Scott Pelley: Which volcano on Earth would you say is most dangerous to people?

Haraldur Sigurdsson: The volcano that, where there is a very large population adjacent to it and on it, and that's Vesuvius, in Italy.

Vesuvius is our second stop. You might think if anyone knew better than to live by a volcano it would be the people around the most infamous mountain of all time. But today, in southern Italy, a metropolis spreads within striking distance of Vesuvius.

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Vesuvius in Italy
CBS News
 Mike Sheridan: Nobody wants to believe that the area that they live in could kill them.

We went for a look, up close, with American volcanologist Mike Sheridan. We flew over the cinder cone on the helicopters of the Guardia di Finanza a police force that helps keep watch the mountain.

Vesuvius is Sheridan’s life’s work. And he has warned the government it can’t count on evacuating the number of people in harm’s way.

Scott Pelley: And what is that number?

Mike Sheridan: Well, it depends on the type of explosion. If there's one like the last big eruption that occurred in 1631 there would be about 600,000 people. But if it is an eruption like the 2,000 year ago eruption that destroyed Pompeii the number could be up to 3.5 million.

"Nobody wants to believe that the area that they live in could kill them."   

Pompeii, as it was Aug. 24, 79 AD, the moment it was preserved under more than 10 feet of ash and rock. The boulevards, the homes, the mosaics are the volcano’s contribution to history. ‘Round here they do a lively business in the dead. Citizens of Pompeii are frozen in timeless agony. About 16,000 were killed, sculpted where they fell. Scientists have a good idea of what these people saw after studying the evidence of what remains. Witnesses described the mountain rumbling for days before it launched a column of ash and rock 12 miles high which fell back as hell on Earth.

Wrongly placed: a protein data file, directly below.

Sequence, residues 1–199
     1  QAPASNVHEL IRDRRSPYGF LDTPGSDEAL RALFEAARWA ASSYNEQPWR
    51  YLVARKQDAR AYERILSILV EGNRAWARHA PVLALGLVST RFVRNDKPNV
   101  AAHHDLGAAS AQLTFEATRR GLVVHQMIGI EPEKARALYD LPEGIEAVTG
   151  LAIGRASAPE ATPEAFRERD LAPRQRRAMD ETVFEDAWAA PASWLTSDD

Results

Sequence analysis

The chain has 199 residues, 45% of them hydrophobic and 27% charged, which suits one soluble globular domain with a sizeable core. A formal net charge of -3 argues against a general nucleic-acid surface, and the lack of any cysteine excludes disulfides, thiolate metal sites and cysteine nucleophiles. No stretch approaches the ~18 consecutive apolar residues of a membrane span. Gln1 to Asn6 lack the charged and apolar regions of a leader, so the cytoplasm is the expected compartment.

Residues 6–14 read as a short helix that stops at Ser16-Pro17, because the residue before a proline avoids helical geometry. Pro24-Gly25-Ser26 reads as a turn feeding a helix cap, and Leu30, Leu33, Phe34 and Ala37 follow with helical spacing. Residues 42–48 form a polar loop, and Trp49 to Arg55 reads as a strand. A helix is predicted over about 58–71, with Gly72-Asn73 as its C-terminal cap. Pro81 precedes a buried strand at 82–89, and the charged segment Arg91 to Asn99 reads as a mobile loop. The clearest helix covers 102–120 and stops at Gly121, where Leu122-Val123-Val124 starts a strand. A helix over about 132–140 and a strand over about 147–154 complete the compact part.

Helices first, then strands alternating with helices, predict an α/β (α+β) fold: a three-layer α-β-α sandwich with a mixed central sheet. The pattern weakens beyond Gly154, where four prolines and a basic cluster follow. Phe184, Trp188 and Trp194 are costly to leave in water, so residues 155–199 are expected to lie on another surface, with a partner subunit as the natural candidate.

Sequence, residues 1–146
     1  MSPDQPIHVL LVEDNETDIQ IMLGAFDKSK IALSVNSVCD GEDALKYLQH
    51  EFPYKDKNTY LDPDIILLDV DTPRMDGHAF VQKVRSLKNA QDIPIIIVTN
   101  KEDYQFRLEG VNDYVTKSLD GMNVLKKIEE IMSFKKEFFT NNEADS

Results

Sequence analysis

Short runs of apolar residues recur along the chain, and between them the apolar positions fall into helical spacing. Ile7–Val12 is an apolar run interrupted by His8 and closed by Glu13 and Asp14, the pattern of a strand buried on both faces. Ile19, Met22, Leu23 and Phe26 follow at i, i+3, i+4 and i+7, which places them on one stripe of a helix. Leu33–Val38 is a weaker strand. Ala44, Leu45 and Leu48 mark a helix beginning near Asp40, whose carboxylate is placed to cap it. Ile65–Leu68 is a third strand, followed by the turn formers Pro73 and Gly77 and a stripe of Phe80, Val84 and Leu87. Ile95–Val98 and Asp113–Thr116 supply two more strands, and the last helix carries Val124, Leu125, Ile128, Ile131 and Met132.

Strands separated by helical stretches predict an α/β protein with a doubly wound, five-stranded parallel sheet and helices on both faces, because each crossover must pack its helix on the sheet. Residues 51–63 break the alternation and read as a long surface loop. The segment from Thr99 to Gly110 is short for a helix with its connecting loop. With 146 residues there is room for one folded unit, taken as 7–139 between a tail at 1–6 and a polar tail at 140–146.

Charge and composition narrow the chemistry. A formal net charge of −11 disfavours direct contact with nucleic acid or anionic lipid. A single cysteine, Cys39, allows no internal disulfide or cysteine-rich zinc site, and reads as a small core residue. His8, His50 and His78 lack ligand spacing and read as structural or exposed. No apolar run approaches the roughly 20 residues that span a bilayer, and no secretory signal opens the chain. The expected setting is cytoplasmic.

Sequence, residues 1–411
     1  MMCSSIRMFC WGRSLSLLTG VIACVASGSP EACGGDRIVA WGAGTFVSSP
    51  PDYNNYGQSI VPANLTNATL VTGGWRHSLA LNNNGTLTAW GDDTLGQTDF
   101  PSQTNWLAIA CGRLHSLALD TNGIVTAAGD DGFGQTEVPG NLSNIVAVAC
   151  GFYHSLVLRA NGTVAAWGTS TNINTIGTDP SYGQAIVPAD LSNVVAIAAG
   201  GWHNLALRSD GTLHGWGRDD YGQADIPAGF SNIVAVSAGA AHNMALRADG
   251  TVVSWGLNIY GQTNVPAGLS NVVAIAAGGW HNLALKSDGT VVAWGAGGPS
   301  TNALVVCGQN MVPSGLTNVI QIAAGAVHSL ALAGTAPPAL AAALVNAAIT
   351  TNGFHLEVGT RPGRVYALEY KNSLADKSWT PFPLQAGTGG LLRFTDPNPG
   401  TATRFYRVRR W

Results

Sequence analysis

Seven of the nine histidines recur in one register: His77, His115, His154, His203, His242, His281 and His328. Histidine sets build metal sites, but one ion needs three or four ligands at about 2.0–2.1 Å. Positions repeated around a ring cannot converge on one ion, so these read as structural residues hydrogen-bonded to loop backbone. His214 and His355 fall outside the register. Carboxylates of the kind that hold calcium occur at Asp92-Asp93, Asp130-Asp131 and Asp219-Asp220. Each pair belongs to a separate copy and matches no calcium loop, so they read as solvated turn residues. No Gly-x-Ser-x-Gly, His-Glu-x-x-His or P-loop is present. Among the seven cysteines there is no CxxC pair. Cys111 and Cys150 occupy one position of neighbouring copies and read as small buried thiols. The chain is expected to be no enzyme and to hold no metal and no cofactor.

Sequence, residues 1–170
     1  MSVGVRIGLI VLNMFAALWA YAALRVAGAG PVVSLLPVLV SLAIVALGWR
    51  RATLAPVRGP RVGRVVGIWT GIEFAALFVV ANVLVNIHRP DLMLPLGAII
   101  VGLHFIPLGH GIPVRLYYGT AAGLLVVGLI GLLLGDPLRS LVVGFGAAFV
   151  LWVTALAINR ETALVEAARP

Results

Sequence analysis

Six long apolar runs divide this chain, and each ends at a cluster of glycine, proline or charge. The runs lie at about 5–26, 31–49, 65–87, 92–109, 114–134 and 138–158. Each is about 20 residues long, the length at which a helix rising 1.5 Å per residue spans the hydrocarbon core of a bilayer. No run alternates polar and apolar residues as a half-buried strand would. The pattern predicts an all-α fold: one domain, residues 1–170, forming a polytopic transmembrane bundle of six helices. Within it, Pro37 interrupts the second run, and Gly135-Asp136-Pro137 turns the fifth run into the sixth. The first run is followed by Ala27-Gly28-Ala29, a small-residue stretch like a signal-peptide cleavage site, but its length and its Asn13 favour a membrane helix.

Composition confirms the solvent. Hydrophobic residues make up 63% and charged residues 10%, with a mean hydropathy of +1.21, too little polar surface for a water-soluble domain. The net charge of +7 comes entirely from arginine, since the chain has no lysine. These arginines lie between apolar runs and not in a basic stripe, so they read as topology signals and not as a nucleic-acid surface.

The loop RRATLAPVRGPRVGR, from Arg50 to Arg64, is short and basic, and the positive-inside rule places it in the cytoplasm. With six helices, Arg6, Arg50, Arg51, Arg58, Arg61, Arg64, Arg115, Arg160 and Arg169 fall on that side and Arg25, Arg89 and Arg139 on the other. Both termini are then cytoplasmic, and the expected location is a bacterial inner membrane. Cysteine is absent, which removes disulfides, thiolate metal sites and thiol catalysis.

Scott Pelley: The wind came shooting down the sides of the mountain at more than 200 miles an hour. The air temperature was about 900 degrees and the ash that fell throughout the region left this part of Italy uninhabitable for 300 years.

Today, from this control room, volcanologist Giuseppe Mastrolorenzo monitors the instruments that will provide Italy’s early warning. He showed us that satellite view of those three and a half million people that all crowd around the cinder cone. One day it may be up to him to sound the alarm.

Scott Pelley: How much time will you have?

Giuseppe Mastrolorenzo: Probably just a few days. We can just hope that we will have weeks or months, but we cannot make a contract with a volcano.

Scott Pelley: So your friends say, "Look, it hasn't erupted in hundreds of years." And you must say, "That's the problem."

Giuseppe Mastrolorenzo: That's the problem. Yeah. I'm trying to convince the people that this quiet mountain can be a killer.

At the base of the "quiet mountain," the peaceful piazza of Torre del Greco is wiped out, on average, about once every 100 years, give or take. The bell tower survived the eruption of 1794. Today, old men rest their feet on rock solid evidence of what’s coming next. Michael Sheridan told us Vesuvius has a long life ahead of it.

Mike Sheridan: It has different personalities and the last personality was rather benign but it's got some mean personalities down there that we don't want to experience in our lifetime.

There are bigger personalities among volcanoes which scientists call super volcanoes. Remember our eruption in Iceland was a four on a scale of eight?

Well, an "eight" would change life on Earth. Haraldur Sigurdsson told us there is a name for one of the places where that is likely to happen. It’s called Yellowstone National Park—our third volcano. Old Faithful’s here for a reason. In the northwest corner of Wyoming, the caldera is about 50 miles wide, so big you that can’t see it from the ground. Below, is what science calls a "hotspot" where a vase plume of magma has pushed into the crust.

"It has different personalities and the last personality was rather benign but it's got some mean personalities down there that we don't want to experience in our lifetime."

Haraldur Sigurdsson: The floor of the volcano is breathing like an animal. It's rising, and moving up and down. Because of magma inside the volcano.

Scott Pelley: What's the history of eruption of the hot spot in Yellowstone?

Haraldur Sigurdsson: The last eruption was about 400,000 years ago, the last big one. That was a devastating, explosive eruption. The Yellowstone-size eruption will occur. Of course, we have no idea when. It's being monitored very, very closely. So there is no chance of it occurring without any warning. But it's a devastating event.

Devastating to aviation, communications and agriculture, volcanoes can change the course of history. Never before have so many people lived within striking distance -- 200 million worldwide. Science is good at warning of eruptions that are weeks away but, beyond that, it’s impossible to predict which one is next or how big it will be.

  • Scott Pelley

    Anchor and Managing Editor, "CBS Evening News;" Correspondent, "60 Minutes"